2. Ibid, Melville, 13.

3. Ibid, 12.

4. Ibid, 13.

5. Ibid, 14.

Image from Wikimedia Commons. This photo is in the public domain in its country of origin and other countries and areas where the copyright term is the author’s life plus 100 years of less.

Introduction

What is the Shahnameh?

The Shahnameh, or Epic of Persian Kings is a poem written by the Iranian poet Hakim Abul-Qasem Ferdowsi Tuosi (A.K.A. “Ferdowsi”) under the patronage of Mahmud of Ghazni(1) between 977 and 1010 AD(2). Commonly heralded as the “National Epic of Iran”, the Shahnameh has played a significant role in consolidating a sense of national and cultural identity within the region by putting forth a distinct code of moral and ethical values. Because of this quality, the Shahnameh has been continuously celebrated by various dynasties as a means of evoking a sense of national unity. This endorsement by various monarchs has played a significant role in cementing the Shahnameh’s popularity, influence, and cultural legacy long after the time of Ferdowsi.

The body of some 60,000 verses that comprise the Shahnameh is often divided into three sections: the mythical, the legendary or heroic, and the historical. It is notable however that the boundary between the first two of these sections is often regarded as “rather blurred”(3), and as a result they are occasionally grouped as a single section.The mythical section, which makes up about four percent of the Shahnameh(4), begins with the creation of the universe and covers a variety of stories leading up to the early legendary section. The most famous among the stories of the mythical section is the reign of the Arab king Zahhak, whose evil was physically embodied by serpents growing from his shoulders after being kissed by the devil. The legendary section of the Shahnameh comprises nearly two thirds of the poem’s body and contains many of its most famous stories, such as the adventures of the hero Rostam who served seven kings, and conquered various foes over the course of his life. The historical section begins with the fall of the Achaemenid dynasty which was conquered by Alexander the Great (A.K.A. Eskandar, Iskandar) in 330 BC, and concludes with the Arab conquest of Sasanian-ruled Persia in the 7th century(5).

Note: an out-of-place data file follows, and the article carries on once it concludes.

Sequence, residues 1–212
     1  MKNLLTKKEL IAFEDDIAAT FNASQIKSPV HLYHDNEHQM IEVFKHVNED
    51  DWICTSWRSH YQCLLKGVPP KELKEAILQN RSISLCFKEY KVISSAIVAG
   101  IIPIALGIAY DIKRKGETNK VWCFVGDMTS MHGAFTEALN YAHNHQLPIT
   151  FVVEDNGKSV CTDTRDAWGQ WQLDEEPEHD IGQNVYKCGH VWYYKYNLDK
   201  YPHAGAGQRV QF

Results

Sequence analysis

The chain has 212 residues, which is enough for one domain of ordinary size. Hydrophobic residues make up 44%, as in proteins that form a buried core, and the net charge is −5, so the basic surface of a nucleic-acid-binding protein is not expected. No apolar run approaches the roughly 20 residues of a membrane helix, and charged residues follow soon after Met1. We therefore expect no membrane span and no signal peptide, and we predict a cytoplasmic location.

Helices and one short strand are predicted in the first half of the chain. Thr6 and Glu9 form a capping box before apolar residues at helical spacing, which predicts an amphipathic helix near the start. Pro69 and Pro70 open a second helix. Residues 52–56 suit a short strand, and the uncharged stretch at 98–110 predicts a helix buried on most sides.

The popularity of the Shahnameh through the centuries after its completion has led to its study and observation by various cultures outside of Iran, which has resulted in innumerable transliterations of the poem. Consequentially, the title of the poem, as well as various other names mentioned in its pages have had various “correct” spellings (ex: Shahnameh, Shahnama), and as this blog draws on a variety of scholarly works, one should note that there may be inconsistencies between posts with regard to certain words or names.

This project is dedicated to examining the cultural dimensions of the Shahnameh through its existing relationships with religion, women, and art. In researching these topics we have drawn on a variety of scholarly sources, all of which are cited collectively in the bibliography section of our blog, or individually in the footnotes of posts referencing specific sources.

Footnotes:

1. Barbara Brend and Charles P. Melville, and the Fitzwilliam Museum, Epic of the Persian Kings: The Art of Ferdowsi’s Shahnameh (London ; New York: I.B. Tauris, 2010), 11.

2. Mitra Jahandideh, and Khaefi Shahab, “The Most Important Performing Arts Arisen from Shahnameh of Ferdowsi: Shahnameh-khani and Naqqali of Shahnameh,” Journal Of The Indiana Academy Of The Social Sciences 16, no. 2 (June 2013): 76.

3. Ibid, Barbra, 4.

4. Ibid, Mitra.

5. Ibid, Barbra, 4-10.

Conclusion: Women Reveal the Cultural Changes Throughout the Shahnameh